3. shortcut3d, Nov 20, 2011
    Last edited: Nov 20, 2011

    shortcut3d macrumors 65816

    Joined:
    Aug 24, 2011
    #3
    I've used four 2011 Mac Mini models for Windows 7 Media Center with HDHomeRun Prime. The Mac Server makes most sense out of the box for recording etc. I decided that if I were to do a whole home setup again it would be Xbox 360 extenders and a centralized Mac Mini Server running Windows 7 Media Center in bootcamp. If you want to record more than 3 shows and watch you'll need to do the AHCI hack to improve disk performance.

    The Mac Mini Server runs significantly cooler than the mid range Mac Mini with discrete graphics. The mid range Mac Mini i7 dual core will idle at 60C with Windows Media Center running. The Server will be much lower in the high 40s. Closing Windows Media Center will drop the temps 7 - 10C. Another reason to use extenders.

    You may be able to get Windows Media Center working in Fusion, but definitely can't view TV because Fusion is not HDCP compliant. Stick with bootcamp.

    The AMD 6630M is considerably better with 29/59 issue than the Intel HD 3000. It really frustrates me that the Clarksdale HD 2000 is recommended on the green button as safe for 29/59 content, but the Sandybridge HD 3000 fails.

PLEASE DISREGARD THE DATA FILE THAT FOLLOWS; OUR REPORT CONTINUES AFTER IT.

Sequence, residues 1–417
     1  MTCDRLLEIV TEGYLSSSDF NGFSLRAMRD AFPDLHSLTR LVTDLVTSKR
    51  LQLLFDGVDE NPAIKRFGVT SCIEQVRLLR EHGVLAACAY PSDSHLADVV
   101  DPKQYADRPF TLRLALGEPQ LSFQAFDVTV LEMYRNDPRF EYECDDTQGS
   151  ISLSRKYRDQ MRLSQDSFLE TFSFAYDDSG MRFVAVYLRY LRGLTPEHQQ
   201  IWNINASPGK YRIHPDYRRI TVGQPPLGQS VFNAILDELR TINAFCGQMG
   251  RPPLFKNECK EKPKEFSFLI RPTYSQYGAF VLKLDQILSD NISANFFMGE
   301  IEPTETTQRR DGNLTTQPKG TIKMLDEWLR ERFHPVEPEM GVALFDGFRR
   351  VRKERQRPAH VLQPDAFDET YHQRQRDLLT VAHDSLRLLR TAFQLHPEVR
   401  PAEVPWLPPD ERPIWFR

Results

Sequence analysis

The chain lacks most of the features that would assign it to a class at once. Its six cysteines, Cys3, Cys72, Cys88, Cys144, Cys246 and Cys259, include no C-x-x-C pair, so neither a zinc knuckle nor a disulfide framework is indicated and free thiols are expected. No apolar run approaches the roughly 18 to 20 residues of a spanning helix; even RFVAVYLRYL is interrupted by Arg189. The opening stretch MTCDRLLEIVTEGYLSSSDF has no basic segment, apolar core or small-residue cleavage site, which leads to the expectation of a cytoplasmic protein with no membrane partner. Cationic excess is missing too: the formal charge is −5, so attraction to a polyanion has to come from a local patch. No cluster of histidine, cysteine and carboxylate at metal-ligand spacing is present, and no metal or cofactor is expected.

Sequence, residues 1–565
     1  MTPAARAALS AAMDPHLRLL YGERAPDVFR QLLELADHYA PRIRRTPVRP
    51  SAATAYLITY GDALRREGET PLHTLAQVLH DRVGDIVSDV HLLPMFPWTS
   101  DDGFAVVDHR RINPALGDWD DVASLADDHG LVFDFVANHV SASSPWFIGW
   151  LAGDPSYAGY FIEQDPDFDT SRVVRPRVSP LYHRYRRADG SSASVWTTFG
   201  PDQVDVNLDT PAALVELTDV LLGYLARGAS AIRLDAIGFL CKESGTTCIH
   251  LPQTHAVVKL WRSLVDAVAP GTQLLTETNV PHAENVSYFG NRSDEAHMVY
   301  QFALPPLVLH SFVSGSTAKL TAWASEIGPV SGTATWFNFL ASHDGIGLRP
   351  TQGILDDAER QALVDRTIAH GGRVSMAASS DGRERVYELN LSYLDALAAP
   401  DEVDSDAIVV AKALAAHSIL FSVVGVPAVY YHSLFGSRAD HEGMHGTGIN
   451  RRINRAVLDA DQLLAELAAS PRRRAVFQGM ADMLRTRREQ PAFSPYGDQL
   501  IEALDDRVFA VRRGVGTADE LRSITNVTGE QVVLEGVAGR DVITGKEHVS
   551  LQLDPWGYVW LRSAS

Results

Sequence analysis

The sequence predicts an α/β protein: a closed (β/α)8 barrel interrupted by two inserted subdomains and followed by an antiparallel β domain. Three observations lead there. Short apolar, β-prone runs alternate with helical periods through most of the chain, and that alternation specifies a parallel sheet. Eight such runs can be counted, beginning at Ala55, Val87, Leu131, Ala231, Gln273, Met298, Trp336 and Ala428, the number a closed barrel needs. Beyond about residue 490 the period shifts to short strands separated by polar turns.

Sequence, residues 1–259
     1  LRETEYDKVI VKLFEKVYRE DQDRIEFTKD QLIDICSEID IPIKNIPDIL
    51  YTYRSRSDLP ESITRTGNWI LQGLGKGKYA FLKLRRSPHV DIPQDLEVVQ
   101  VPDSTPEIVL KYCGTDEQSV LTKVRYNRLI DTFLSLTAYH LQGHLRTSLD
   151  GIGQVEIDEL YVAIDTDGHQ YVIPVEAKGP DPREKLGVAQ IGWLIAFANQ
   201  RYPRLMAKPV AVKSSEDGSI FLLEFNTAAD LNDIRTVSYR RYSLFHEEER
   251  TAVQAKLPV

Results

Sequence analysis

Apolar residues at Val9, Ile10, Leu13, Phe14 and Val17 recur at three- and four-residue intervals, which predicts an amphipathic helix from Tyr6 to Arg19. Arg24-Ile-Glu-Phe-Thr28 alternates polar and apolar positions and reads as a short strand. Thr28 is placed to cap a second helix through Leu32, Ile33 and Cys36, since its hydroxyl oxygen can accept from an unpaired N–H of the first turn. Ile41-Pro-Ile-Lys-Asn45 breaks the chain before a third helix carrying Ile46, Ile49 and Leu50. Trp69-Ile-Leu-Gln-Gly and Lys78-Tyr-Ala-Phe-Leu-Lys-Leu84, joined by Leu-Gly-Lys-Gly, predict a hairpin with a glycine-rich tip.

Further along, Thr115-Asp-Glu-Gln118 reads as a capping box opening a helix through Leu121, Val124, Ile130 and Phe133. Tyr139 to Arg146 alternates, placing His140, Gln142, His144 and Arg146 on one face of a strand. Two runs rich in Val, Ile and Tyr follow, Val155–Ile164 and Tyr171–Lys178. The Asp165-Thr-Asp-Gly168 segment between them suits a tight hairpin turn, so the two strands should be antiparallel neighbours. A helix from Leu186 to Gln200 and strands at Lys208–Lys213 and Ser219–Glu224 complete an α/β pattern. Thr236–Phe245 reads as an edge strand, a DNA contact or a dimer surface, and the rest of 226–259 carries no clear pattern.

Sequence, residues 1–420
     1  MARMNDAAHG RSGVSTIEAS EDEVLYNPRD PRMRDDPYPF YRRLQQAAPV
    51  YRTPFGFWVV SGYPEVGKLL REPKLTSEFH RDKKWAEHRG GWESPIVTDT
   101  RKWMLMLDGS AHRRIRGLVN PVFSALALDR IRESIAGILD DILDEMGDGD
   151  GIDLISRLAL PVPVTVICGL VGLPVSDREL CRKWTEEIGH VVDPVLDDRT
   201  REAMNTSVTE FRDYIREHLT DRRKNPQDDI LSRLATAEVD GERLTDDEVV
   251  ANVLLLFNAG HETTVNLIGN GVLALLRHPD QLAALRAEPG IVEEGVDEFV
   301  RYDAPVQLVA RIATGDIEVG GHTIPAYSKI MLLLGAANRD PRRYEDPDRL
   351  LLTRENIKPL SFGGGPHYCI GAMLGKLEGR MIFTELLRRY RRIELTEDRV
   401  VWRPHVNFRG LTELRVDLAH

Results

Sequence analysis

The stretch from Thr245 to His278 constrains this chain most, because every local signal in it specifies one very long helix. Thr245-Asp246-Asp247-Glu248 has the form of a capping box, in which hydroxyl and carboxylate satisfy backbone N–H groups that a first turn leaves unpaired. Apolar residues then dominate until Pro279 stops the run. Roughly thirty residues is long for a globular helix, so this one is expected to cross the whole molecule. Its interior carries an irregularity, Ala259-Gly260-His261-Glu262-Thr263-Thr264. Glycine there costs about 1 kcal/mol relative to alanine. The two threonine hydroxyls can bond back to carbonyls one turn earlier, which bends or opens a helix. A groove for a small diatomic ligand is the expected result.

You can use the Mac Mini IR with an Apple Remote only, so you'll need an MCE IR receiver and remote. I recommend Logitech Harmony One.

    The Mac Mini is quieter the original Xbox 360 (picking up a couple slims today, so I'll update later). They are not really audible at 10' viewing. The fans with Windows Media Center will be up to 2600 RPMs with 29/59 content since it stress the system more. Typical fan speed is 2300 RPM. If you enable AHCI you will have to turn off hibernate, turn off sleep, turn off hard disk sleep, turn off Link Power Management and probably use maximum performance power option profile. To cool down the system, I recommend setting minimum CPU usage to 5% which is the default for balanced power profile.